Mikey adds that he wants this album to help people if they’re in a dark place: “I want this record to be someone’s safety blanket. If it makes them feel better for even an hour, I did my job. I feel like, if you can, just make somebody feel better, or feel like they’re not alone.”
Working with MCR’s Ray Toro again was “super-great”
‘Electric Century’’s creation process saw Mikey teaming up with a handful of his closest musical pals. Shaun Simon – who co-wrote the album’s accompanying graphic novel – used to be in a band with MCR’s Frank Iero, and at one point even sold merch for MCR on tour.
The new LP also saw Mikey reuniting with his MCR bandmate Ray Toro, who produced the album. “He’s one of my best friends in the entire world,” Mikey says of Ray. “We love a lot of the same things and we have this sixth sense that comes from working together for so long; being on the road together for all those years. We have this unspoken language: I can give him a look and he just knows what I’m talking about. I tried to have no expectations but every time he sent me a song, I was blown away.”
As was collaborating with Gerard Way on a story for the upcoming Anthrax graphic novel
As well as working on the new Electric Century record, Mikey has been keeping busy with his other projects. He recently teamed up with his brother Gerard to contribute to Anthrax‘s Among The Living, a graphic novel that is being released to celebrate the legendary metal band’s 40th anniversary.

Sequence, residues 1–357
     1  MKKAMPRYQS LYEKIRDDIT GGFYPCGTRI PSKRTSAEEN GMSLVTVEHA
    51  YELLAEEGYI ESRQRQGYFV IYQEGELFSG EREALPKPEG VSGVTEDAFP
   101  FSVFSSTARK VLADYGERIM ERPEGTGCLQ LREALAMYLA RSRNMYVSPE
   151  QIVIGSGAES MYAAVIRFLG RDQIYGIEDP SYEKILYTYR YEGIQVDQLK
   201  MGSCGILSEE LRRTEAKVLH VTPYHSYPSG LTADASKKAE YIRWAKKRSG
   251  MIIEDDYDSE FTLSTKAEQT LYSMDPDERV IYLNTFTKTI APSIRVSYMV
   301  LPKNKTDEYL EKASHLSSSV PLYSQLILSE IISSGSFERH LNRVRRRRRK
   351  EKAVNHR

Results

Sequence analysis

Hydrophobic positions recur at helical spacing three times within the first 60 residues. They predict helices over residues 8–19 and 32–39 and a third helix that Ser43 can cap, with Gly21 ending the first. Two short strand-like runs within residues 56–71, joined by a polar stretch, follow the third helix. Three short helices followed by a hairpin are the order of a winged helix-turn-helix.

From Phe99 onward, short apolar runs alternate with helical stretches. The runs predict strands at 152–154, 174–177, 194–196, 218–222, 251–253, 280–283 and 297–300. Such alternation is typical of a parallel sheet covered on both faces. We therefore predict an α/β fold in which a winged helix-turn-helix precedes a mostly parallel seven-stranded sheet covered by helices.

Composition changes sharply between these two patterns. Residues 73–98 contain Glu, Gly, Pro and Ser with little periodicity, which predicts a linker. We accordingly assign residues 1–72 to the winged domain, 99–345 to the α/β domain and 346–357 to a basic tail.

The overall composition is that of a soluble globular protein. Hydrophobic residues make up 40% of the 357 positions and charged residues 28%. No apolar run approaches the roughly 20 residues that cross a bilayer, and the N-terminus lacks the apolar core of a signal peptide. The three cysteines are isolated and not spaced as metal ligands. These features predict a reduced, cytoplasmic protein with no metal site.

“We’re really excited. When we were kids we’d watch [heavy metal music program] Headbangers Ball every Saturday on MTV and be exposed to Anthrax,” Mikey explains. “We loved their music, but Anthrax were also one of the first bands that were like: ‘Hey, we like comics’. As a kid when that stuff wasn’t cool, Anthrax made that cool, initially. It’s nice to pay it forward ‘cos they were the original torchbearers of the whole thing.”
Discussing working with his brother on the comic, Mikey reveals: “We’ve always talked about stories that each of us has done, but Gerard and I have never written a comic together – so that’s exciting.”
Mikey’s got nothing left to prove
Growing up, Mikey was a kid who loved comic books and music. Now that he’s toured the world and released his own graphic novel, does he feel like he has anything else left to prove?
“I don’t!” Mikey says, honestly. “I used to live in skinny jeans. I lived the gimmick at one point: I looked like that [band] dude 24 hours a day, but now there are some days I go out in sweatpants. As you get older, you take solace in being comfortable. I don’t have anything to prove, and I don’t have to look cool. I’m not patting myself on the back, either. I just feel like I’ve succeeded in what I came to do, and now everything else is just for fun. I’ve been fortunate enough to be given that [opportunity] thanks to my career in My Chemical Romance, which is humbling.”
Mikey can now focus on making art for his own pleasure without worrying about the barometer of success. “I’m just doing stuff for the love of it,” he adds, before teasing that there are new projects in the works: “I’ll always have something to say, though. I’ve got more stuff on the burner that I know people will be excited about.”